Everything's going to be fine.
Wednesday, January 28
I was wondering why, whenever a new mail virus-worm thingy breaks loose and wreaks havoc across the internet (or "web" as the Australian Broadcasting Corporation would have it), causing Windows and Exchange administrators to tear out what little hair they have left and Linux users to wet themselves laughing, I don't get any.
Does no-one love me?
Could it be that most people I know are not virus-worm-thingy-spreading idiots so that I am at least two stages removed from the major pool of infection?
Or could it be - oh look - that my spam filter is merrily gobbling them all up. Dozens of them. How amusing.
You do love me after all!
Friday, January 23
The new MuNu sever has locked up again, and my F drive has turned into a pumpkin.
How long does Windows XP take to chkdsk a 240GB pumpkin, anyway?
It would appear that I was right and it was a flaky disk drive after all. Drive has now been replaced, the old Samsung swapped out for a Seagate.
I'm now writing a 40GB file just to give it a little exercise. If that works, I'll consider the problem fixed.
How many programmers does it take to change a lightbulb?
None - that's a hardware problem.
Update: 40GB file, no problems. Now I'll just make a copy of that...
Update: Assertion failure in __journal_remove_journal_head() at journal.c:1854: "buffer_jbd(bh)"
Not what I wanted to hear.
Thursday, January 22
Your hosting company says that they suspect there is a problem related to software RAID on your server, and they would like to disable it while they run some tests.
And you say, well, the server is not in production yet, so fine, go ahead.
And then they say, how do you disable software RAID anyway?
I think the new server will be a few days yet.
Wednesday, January 21
Now the Nintendo Gamecube can run Minx too. Which is good if you can't get your hands on an AS/400.
Tuesday, January 20
Crashy badness has migrated to the new MuNu server, which has fallen over five times in the last four days.
I think it may just be a faulty disk drive. Now I just have to persuade the hosting company to do something about it.
Update: At least the hosting company is being helpful. They're taking a look at the server now to see if they can fix the problem. We may be stuck on old MuNu for an extra week while this gets sorted out, but I think we'll survive that.
Monday, January 19
Kei, my Windows XP system, has been rock solid since I replaced the video card.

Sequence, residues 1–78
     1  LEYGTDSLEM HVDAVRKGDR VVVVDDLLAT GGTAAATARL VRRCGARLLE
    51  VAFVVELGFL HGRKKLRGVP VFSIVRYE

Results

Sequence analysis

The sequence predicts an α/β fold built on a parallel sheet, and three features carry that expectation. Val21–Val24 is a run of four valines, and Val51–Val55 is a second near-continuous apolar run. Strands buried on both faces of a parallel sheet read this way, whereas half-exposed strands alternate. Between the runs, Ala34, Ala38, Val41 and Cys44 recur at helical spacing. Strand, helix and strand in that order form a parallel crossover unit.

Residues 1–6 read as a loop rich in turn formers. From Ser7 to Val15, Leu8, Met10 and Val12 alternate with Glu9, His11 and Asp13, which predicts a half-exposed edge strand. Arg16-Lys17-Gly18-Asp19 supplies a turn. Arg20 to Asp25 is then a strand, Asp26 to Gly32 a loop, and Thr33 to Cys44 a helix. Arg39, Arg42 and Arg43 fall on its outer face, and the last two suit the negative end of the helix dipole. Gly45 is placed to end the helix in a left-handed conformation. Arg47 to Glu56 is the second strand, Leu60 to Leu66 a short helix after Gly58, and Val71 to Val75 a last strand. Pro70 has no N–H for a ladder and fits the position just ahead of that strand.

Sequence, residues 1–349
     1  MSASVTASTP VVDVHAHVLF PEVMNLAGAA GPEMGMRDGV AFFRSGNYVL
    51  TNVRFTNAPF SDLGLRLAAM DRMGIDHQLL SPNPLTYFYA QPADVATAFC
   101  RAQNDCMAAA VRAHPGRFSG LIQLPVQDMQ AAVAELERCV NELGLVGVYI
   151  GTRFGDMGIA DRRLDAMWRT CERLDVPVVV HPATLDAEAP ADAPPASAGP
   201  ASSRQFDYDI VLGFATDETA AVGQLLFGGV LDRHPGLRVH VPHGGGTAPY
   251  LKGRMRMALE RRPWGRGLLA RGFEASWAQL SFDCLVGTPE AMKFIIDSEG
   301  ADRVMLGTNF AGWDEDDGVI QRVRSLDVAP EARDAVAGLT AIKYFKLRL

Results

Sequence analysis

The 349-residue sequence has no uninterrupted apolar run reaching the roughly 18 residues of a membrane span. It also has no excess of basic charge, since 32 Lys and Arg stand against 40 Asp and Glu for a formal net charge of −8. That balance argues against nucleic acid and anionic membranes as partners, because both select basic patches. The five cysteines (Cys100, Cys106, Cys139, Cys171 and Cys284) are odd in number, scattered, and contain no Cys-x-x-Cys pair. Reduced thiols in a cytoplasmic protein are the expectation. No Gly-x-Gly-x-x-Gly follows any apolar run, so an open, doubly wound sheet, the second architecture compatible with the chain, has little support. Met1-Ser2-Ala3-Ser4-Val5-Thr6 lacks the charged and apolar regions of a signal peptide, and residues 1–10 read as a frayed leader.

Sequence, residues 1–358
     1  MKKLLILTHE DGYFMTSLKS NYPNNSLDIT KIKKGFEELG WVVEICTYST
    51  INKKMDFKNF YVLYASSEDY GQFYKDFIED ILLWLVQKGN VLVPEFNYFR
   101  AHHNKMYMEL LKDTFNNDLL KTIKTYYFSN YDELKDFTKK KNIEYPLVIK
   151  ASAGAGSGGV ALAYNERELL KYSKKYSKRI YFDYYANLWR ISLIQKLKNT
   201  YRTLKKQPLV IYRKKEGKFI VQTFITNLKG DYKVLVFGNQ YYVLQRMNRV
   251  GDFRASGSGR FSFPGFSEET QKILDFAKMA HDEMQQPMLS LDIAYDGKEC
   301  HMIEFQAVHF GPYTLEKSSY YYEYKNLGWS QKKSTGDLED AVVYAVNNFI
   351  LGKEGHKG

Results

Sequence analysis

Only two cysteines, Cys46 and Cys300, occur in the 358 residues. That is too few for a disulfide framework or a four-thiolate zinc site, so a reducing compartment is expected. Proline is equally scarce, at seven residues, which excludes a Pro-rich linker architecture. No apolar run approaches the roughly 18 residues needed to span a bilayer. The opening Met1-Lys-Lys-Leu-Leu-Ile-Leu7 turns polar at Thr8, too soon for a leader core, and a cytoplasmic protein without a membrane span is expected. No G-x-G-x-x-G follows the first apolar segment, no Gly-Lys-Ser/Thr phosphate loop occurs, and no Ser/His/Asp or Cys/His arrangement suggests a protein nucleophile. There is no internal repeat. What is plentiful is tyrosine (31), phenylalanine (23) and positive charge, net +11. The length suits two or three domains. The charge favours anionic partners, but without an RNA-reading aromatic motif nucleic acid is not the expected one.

So apologies to Myxi, my Logitech MX 700 mouse, and I will be buying some nice King Island brie on the way home tonight. Mmm, cheese.
Sunday, January 18
Now running at 1792x1344 at 85Hz. It's kind of an odd resolution, and not officially supported by my monitor, but it seems to work just fine.
I tried going even higher, but then I can only run at 75Hz - and I can see the flicker.
Update: And no crashy badness!
Well, the GeForce FX 5700 is out and the Radeon 9600XT is in. The switch was easy and painless. Swap cards. Install drivers. Done. Works.
Crashes since swapping cards: None
The card comes with a rather interesting little cable: At one end, a nine-pin mini-din; at the other, male and female four-pin mini-dins (S-Video in and out) and male and female RCA (composite in and out). Which is odd, because either you're going to plug it straight into another device - in which case you'd want a male plug - or you're going to use a patch lead - in which case you'd want a female plug.
I'm going to try capturing all my old laser discs and burning them to DVDs. That should keep me occupied for the next year or two...
Saturday, January 17
I live in hope...
My new new video card, a GeCube Radeon 9600XT Vivo, arrived today. I'll try installing it tonight.
I don't know what's up with my old new video card. It worked just fine in my Linux box with the default drivers. The reason I swapped it out was that the Linux nVidia drivers don't yet support the GeForce FX 5700 (which is what it is). My Windows box ran fine on the old GeForce 4, but the new card brought frequent lockups and crashes.
I've previously used nVidia cards ranging from the Riva 128 through to the GeForce 4 Ti 4600 Ultra, and never had a problem like this. Given the nature of the problem - it only ever fails when I am actively using the computer, never (for example) while I'm watching a video or while the screensaver is running - it looks like a fairly specific driver issue, but I haven't been able to track down any answers.
Anyway, the Radeon card I now have is the same one I was trying to get before Christmas, so it's not all bad.
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